Commission on Government Forecasting and Accountability
Robert Pritchard, Co-Chair
Donne Trotter, Co-Chair
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Meeting Notice
DATE: Tuesday, April 4, 2017
TIME: 9:30 a.m.
PLACE: Room 400, State Capitol Building, Springfield, IL
TOPIC: State Employees’ Group Insurance Program FY 2018
February 2017 Monthly Briefing
Edward H. Boss Jr., Chief Economist

The rise in the federal funds rate at yearend brought with it the conclusion to the accommodative near zero interest rate policy pursued by the Fed. Recently signs of an improving pace of growth emerged raising questions as to what additional steps the Fed may make toward ”normalizing” interest rates. Several recent business reports portray an improving economic environment. Perhaps most dramatic of these has been the performance of the stock market. At the same time, the consumer showed renewed vigor. Improvement in retail sales was accompanied by rising consumer optimism. And, manufacturing, after a weakening trend from mid-2015 into early 2016, began to increase. As a result, many forecasters have upped their expectations for first quarter real GDP growth to the 2.1% - 2.3% range, up from 1.9% in the fourth quarter and a meager 1.6% growth for all of 2016.

Recently-released minutes of the FOMC (Federal Open Market Committee) stated “many participants expressed the view that it might be appropriate to raise the federal funds rate again fairly soon if information on the labor market and inflation was in line with or stronger than current expectations, or if the risks of overshooting the Committee’s maximum employment and inflation objectives increased.” Many observers now anticipate three modest increases in the federal funds rate this year. The next FOMC meetings are in March, May, and June.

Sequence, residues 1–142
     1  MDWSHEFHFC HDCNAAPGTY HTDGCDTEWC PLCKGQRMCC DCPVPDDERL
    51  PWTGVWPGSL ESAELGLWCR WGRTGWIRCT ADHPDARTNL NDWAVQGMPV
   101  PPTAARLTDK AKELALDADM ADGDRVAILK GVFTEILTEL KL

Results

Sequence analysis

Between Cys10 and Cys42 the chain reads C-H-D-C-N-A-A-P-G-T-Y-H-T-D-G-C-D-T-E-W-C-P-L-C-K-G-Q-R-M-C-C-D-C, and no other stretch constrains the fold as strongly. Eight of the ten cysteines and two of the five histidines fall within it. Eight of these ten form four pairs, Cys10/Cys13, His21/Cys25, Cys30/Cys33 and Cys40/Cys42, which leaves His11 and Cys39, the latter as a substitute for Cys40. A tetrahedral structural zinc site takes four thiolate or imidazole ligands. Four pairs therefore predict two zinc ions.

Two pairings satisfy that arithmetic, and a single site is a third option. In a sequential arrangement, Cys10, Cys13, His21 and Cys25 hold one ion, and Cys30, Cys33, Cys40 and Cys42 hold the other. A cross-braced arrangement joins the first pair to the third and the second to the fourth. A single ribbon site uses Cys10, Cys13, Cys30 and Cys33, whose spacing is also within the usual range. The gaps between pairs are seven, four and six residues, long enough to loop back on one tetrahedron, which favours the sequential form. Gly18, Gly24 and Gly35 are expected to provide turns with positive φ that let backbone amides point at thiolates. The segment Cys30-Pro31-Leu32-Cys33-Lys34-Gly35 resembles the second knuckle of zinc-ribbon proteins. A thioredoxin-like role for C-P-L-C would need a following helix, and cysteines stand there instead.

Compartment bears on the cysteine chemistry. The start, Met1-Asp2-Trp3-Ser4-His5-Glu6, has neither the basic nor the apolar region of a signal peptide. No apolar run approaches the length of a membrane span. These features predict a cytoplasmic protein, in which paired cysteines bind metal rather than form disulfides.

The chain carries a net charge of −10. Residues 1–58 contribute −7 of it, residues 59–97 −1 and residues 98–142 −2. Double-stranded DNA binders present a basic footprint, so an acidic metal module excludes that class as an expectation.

It is well understood that the impact of Federal Reserve policy on the economy operates with a significant lag, sometimes up to 18 months. And, because of that lag, policy actions to achieve certain employment and inflation objectives are often overshot. On inflation, history shows us that once ignited, it has proven hard to reign in.

Jim Muschinske, Revenue Manager

Overall base revenues fell $423 million in February. Like a broken record, monthly declines reflected weaker income taxes along with poor federal sources. Unfortunately, February’s lackluster performance was widespread with only a couple sources managing to show gains. One less receipting day likely contributed to the decline, though certainly not the primary culprit.
Through the first two-thirds of the fiscal year, base receipts are off $1.453 billion, or 7.5%. Weakness is widespread, and has resulted in year over year losses in key areas such as income taxes and federal sources. With renewed uncertainty of sales tax performance, and with only four months left in FY 2017, it will be very difficult to alter the trajectory of what has turned into a dismal year for revenues.
The Commission has scheduled a meeting on March 7th 2017 to discuss the economic and revenue outlook for FY 2018. In addition, a revised forecast for FY 2017 will be prepared and presented. Readers of the monthly revenue briefings will not be surprised with the likely outcome showing a significant downward revision necessitated by year to date performance.